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The New York Times Magazine's Botched Boob job
Rebecca Goldin, Ph.D., April 16, 2012
Profiting from early puberty: Who is the real victim in the Times story, a child exposed by her mother, or the readers exposed to lots of worry, but no meaningful data by the Times?

plastic bottles“The New York Times Magazine’s “Puberty before Age 10: A New Normal?” is one of those public interest-trend stories that are like a bridge to nowhere. A young girl going through the early stages of puberty – possibly too young, but no one can tell as she’s a sample size of n=1. The victim of the story – whose story of pubescent growth is drawn out in painful (and public) detail, from her first pubic hairs to her budding breasts – does not have any diagnosable problem, except, perhaps, a mother who is intent on denying the normality of puberty beginning at such a young age while, at the same time, profiting off parents’ worse fears: perhaps early puberty is actually due to environmental hazards. The mother, the key source for the article, sells “ ‘natural, organic, craptastic-free products’ containing ‘no estrogens, phytoestrogens, endocrine disrupters.’ What fantastic advertising.

Like all good public interest-trend stories selling alarmism, this one has its emotional appeal: a young child and her body with its own mind. The article is chock full of doctors explaining the process of puberty, and the controversy over whether puberty is actually happening earlier in girls. It cites a doctor who notes that girls who are overweight or obese are much more likely to have their periods early (how much more likely, or how much earlier, is not explained). It cites a doctor who believes the cause is stress, or maybe sugar.

And then there is the other concern: the environment. Let’s set the dark tone: A natural disaster in 1973 exposed many pregnant women to an estrogen-mimicking chemical PBB through contaminated meat and milk. Their daughters got their period earlier than other girls. Then finally, the chemical punch line,

“One concern, among parents and researchers, is the effect of simultaneous exposures to many estrogen-mimics, including the compound BPA, which is ubiquitous. Ninety-three percent of Americans have traces of BPA in their bodies. BPA was first made in 1891 and used as a synthetic estrogen in the 1930s. In the 1950s commercial manufacturers started putting BPA in hard plastics. Since then BPA has been found in many common products, including dental sealants and cash-register receipts. More than a million pounds of the substance are released into the environment each year.”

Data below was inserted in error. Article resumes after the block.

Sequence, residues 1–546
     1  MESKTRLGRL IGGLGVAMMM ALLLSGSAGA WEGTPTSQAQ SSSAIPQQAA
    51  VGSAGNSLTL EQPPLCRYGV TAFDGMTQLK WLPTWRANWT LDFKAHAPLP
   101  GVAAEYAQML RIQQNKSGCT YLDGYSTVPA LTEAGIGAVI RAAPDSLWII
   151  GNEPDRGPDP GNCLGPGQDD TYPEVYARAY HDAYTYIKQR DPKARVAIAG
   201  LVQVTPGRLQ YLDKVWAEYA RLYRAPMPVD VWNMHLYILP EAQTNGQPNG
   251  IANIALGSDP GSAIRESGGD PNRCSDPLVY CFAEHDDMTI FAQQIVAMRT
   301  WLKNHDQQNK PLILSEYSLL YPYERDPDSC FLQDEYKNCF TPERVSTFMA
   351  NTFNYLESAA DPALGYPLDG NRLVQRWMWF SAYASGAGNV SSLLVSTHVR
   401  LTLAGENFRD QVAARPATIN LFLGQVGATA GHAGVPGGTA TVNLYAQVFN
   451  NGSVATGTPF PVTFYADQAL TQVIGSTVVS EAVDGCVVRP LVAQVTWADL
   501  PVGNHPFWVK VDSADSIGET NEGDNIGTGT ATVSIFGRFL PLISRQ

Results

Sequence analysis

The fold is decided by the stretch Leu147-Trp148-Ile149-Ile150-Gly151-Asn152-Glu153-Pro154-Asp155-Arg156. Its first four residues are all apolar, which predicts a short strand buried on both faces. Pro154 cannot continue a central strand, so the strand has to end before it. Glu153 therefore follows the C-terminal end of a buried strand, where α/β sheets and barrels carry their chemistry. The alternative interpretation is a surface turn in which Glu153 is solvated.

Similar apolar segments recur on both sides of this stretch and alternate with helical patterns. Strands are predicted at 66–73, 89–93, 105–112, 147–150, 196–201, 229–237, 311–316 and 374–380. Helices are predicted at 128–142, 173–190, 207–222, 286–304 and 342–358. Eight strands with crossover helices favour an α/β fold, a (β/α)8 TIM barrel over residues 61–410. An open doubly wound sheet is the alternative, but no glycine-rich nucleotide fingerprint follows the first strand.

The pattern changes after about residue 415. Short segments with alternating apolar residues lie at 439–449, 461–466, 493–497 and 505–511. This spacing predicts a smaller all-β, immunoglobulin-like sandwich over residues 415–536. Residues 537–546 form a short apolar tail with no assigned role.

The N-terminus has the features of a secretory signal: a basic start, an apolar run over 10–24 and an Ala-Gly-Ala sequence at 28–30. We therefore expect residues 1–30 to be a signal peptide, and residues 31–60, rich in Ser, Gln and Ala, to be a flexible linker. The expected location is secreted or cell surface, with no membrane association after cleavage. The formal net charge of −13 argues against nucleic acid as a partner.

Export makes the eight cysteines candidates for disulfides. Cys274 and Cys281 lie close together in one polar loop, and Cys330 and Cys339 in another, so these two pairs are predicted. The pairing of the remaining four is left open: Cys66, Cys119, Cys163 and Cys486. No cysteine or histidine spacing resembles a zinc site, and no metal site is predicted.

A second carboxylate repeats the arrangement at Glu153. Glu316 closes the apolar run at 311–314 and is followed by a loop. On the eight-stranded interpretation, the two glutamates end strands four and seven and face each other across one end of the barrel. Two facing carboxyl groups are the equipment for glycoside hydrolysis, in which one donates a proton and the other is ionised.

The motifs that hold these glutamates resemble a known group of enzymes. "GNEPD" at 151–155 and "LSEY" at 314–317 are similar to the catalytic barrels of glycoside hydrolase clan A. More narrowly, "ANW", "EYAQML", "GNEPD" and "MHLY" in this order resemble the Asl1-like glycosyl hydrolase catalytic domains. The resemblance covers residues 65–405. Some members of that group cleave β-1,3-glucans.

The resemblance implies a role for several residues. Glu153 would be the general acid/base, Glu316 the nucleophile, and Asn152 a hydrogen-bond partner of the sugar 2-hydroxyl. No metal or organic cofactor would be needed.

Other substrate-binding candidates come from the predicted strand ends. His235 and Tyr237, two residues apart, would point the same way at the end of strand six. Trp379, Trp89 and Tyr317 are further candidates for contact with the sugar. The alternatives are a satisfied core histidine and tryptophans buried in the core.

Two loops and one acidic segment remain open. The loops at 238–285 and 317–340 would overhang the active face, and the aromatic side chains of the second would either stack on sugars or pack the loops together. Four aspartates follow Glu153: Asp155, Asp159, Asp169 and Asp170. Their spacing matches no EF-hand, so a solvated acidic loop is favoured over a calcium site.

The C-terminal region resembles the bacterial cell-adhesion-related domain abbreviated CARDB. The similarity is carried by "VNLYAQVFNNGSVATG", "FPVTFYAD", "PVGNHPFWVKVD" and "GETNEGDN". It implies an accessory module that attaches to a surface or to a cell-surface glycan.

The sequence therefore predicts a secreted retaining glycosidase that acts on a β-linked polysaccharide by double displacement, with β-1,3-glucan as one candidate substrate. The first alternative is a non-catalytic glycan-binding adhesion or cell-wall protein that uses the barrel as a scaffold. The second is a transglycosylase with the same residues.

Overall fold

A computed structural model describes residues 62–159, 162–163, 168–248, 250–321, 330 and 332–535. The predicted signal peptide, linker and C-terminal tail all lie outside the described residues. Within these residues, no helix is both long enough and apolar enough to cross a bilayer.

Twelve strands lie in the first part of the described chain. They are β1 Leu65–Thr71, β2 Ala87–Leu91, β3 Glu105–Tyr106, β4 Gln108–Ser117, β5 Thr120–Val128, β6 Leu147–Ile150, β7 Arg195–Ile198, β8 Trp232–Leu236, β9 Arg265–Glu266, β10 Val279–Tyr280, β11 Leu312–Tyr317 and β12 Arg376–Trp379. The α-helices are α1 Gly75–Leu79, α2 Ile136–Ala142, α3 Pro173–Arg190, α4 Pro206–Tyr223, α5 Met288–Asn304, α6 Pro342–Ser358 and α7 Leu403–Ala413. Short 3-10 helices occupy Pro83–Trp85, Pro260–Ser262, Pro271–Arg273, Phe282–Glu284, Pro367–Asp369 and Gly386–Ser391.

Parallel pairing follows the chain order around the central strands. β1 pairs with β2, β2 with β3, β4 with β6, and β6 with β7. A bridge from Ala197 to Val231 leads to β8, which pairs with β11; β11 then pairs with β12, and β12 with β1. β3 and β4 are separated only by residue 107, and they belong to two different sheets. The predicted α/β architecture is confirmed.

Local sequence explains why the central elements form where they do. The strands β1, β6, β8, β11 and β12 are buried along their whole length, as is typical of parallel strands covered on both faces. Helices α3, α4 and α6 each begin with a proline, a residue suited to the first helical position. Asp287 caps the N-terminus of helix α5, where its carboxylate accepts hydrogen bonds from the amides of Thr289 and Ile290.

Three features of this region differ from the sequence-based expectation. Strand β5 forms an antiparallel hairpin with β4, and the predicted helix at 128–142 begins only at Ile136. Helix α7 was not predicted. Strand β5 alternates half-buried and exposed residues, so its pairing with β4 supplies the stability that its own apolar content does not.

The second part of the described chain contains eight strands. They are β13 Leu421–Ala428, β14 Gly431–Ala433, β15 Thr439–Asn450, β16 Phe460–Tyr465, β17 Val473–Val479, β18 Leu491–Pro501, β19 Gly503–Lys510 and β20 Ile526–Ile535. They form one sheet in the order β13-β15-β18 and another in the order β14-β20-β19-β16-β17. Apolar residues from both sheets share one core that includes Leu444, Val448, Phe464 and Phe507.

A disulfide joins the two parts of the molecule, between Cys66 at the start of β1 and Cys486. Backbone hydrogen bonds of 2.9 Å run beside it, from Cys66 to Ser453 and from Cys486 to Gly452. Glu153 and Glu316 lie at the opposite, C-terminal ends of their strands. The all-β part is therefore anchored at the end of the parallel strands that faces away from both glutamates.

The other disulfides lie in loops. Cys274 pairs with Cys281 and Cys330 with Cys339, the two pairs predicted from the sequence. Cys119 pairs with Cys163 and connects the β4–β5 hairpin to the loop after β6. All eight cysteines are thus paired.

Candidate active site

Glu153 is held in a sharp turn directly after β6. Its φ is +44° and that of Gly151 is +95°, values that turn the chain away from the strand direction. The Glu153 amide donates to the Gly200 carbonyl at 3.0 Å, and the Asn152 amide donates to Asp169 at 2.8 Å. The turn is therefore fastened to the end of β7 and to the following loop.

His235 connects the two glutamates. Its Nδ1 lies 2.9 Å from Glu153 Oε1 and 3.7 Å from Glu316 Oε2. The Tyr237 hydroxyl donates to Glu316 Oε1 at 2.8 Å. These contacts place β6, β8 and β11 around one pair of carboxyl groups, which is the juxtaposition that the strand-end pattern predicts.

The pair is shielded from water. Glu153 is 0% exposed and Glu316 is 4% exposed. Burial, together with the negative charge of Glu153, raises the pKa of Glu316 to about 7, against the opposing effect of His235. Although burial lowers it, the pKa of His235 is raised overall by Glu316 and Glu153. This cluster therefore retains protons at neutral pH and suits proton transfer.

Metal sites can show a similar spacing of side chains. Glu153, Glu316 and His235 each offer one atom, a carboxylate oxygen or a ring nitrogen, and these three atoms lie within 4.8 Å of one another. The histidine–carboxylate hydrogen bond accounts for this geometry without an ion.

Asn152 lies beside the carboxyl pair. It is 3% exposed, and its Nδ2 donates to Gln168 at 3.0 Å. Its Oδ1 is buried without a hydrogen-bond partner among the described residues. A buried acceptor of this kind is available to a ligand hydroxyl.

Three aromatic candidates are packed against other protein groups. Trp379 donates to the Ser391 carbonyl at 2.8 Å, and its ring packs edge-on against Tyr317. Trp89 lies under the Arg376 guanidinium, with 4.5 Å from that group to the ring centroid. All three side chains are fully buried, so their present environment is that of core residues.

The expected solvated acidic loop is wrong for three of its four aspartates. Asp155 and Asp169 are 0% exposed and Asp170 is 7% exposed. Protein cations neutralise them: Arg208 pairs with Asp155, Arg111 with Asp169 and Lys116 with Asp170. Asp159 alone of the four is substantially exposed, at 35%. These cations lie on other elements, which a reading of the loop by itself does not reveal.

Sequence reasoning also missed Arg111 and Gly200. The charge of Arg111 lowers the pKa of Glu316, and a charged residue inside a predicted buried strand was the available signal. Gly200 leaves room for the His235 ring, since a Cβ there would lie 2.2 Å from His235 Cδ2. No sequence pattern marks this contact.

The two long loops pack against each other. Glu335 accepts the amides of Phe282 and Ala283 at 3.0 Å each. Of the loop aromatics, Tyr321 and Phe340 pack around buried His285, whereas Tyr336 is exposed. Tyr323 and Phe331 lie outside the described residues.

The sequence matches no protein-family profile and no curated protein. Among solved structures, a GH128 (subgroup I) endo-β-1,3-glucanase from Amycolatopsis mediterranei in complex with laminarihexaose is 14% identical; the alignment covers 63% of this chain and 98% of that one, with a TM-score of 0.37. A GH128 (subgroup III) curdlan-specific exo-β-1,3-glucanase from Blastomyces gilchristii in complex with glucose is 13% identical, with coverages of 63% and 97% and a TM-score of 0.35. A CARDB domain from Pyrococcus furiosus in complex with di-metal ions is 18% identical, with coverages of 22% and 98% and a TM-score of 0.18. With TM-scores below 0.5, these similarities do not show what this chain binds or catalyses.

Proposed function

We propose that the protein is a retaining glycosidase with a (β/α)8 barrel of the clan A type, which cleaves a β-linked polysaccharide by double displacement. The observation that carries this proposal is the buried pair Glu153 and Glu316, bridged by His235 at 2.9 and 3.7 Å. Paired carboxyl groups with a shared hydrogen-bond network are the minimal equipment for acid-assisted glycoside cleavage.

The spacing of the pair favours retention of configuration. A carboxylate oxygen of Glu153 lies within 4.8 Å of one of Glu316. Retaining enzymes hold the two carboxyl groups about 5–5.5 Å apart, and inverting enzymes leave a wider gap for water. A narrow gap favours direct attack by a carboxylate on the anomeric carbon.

Unlike the rest of The New York Times article, no individual research was cited, and no individual doctor went on record. Here the researchers’ concerns are anonymous, vague, and alarming. In fact, the author cited no research article or mention of studies linking breast development or menarche to exposure levels of BPA. The fact that ninety threepercent of folks have detectable BPA levels has effectively been translated by the Times into “your body is infected!” With a million pounds released each year, we are left to our own imagination as to what this means. We have no context, but it sure sounds like a lot. Without citing a shred of evidence, The New York Times has managed to implicate BPA in the early onset of puberty. Did not one editor think of asking the writer to contact the CDC or FDA for an evidence-based perspective?

No need for us to write here about that research. Readers worried about the early onset of puberty for girls have already indicted it; those who may be open-minded but worried walk away from the Times’ article with absolutely no useful information about any aspect of the issue, except the worry itself. Oh - and a sales pitch for a line of “craptastic-free” products. Caveat emptor.

Rebecca Goldin is the Director of Research of STATS at George Mason University.


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